A Reflection on Running
The ironic thing about this post is that my second post ever was about running. How much I loved it, how much more than just moving my feet it meant to me, and how it was instrumental in my recovery process.
Sidenote: If you get distracted by early posts after clicking on that one, I apologize in advance for the horrendous photography and formatting issues. Oh man, they’re great.
Today’s post is the opposite, as I haven’t been on an exclusive run since I did the Magnificent Mile Women’s Half last year. There’s always short bursts of running incorporated into my current workouts, but I haven’t done a forget-it-all, zone-out, long run in months.
Running and I are on a break.
In reflecting on my relationship with running, I realized that it’s just something I don’t need right now. This post was originally going to be about when fitness goals change, but as I started writing, I realized that it was more than just that.
At every point in your life, certain actions or behaviors will be necessary or important to help you survive. They may not all be positive, but they’re vital for your existence at that moment. As you continue to grow and change as a person, it’s up to you to decide what characteristics or behaviors you may or may not need to be the best version of yourself. Self-discovery is a fluid, ever-changing process that requires continual evaluation as you go along.
To illustrate this point from my own experience:
- During my active addiction, I needed drugs and alcohol to help me deal with emotions and fear. Without them, I would have completely broken down and been unable to function under the stress that I put myself under.
- I needed denial for a period of time because I wasn’t ready to accept that my life was spiraling out of control and I was hurting those around me.
- I needed to believe that everything was going to work out when I was sentenced to jail or else I wouldn’t have been able to get through that time.
There have been a lot of changes and ups and downs for me the past few years. I’ve struggled to get back on my feet after hitting bottom, I’ve had to learn how to be in a relationship with another person while we both simultaneously discover who we are as individuals, and I moved halfway across the country and far from family and friends.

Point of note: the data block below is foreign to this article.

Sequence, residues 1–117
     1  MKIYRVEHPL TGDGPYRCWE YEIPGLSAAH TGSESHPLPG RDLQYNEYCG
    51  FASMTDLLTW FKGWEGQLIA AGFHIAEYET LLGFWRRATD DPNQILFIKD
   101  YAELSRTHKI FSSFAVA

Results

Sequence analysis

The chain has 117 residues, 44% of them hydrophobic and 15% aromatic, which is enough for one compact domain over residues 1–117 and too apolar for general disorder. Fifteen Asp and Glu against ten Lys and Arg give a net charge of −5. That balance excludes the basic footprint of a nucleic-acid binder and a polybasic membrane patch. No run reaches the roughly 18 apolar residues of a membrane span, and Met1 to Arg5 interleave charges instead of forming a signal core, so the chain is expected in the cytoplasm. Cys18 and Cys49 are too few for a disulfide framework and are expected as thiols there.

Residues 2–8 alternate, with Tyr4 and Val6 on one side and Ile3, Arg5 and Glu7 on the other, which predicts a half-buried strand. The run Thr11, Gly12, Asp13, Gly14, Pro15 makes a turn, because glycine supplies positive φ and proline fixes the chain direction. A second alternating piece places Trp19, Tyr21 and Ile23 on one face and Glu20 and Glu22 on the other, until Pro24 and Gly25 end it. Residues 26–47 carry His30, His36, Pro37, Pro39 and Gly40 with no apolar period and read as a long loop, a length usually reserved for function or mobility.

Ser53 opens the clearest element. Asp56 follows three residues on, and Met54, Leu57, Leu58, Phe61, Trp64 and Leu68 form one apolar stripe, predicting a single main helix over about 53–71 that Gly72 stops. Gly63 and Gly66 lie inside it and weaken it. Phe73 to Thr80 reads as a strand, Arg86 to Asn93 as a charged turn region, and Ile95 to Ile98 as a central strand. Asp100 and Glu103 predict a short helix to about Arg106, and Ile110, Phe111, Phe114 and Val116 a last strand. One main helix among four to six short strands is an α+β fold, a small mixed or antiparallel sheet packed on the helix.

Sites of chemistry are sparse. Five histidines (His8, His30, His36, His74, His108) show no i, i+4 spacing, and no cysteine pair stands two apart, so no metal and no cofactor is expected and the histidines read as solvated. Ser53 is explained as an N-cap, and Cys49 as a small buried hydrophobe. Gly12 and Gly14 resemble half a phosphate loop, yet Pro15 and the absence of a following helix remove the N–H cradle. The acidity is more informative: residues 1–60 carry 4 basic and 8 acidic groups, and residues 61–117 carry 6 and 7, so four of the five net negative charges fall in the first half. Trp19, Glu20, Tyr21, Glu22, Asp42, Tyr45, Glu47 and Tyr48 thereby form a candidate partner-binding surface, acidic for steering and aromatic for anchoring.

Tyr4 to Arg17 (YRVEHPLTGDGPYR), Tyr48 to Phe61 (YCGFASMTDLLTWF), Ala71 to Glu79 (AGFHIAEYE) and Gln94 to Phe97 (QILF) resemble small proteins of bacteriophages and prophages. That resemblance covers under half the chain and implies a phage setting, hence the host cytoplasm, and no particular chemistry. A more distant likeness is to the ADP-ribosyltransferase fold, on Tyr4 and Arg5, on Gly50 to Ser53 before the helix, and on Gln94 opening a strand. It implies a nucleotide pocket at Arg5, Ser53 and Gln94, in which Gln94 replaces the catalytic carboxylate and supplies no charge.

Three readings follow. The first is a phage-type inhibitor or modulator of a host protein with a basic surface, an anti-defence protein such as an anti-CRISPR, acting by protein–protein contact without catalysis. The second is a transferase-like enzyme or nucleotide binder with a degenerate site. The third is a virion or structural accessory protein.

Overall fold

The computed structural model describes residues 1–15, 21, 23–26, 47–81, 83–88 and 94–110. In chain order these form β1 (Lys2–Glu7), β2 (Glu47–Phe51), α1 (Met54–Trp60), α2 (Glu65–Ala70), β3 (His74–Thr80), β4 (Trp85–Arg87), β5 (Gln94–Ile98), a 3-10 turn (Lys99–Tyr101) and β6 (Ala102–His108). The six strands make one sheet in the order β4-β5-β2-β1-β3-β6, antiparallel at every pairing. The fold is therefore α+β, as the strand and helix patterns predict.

For me, what I needed in my life during those years was running. Running as a positive and running as a negative. You may remember the time when I began to abuse running the same way I abused drugs — to change the way I felt and exert some semblance of control over my life. Without that period, I never would have seen how addiction can manifest itself in any variety of behaviors and I could have become complacent in my recovery.
Last year was especially tough on me. My marriage almost ended, I was in the process of starting a totally new career, and I was officially diagnosed with depression. I also ran three half marathons in that time, two of which I was less than prepared for.
What I realized is that during that year I needed to run. I needed to get out of my house, outside of myself, and just go. If running weren’t therapeutic in some way for me, I doubt I would ever do it. It’s hard work and I always have to get new shoes. 🙂
Although I don’t always listen to it, I have a pretty strong sense of intuition. I always felt a pull to run when I did it and I would come back feeling accomplished and more serene. After my last half, I didn’t feel that pull anymore.
I’ve learned over time that my body tends to know what’s best for it and all I really need to do is listen. Right now I feel the same pull towards HIIT and strength workouts as used to with running. So while I may not be running now, there could always come a time when that shift comes and I need those runs again in my life.
Until then, I’ve got some weights to lift.
Big ups to Amanda for letting me think out loud. AND FOR GETTING A COOKBOOK DEAL!
- What behaviors or characteristics no longer fit your current life?
- What does running mean to you?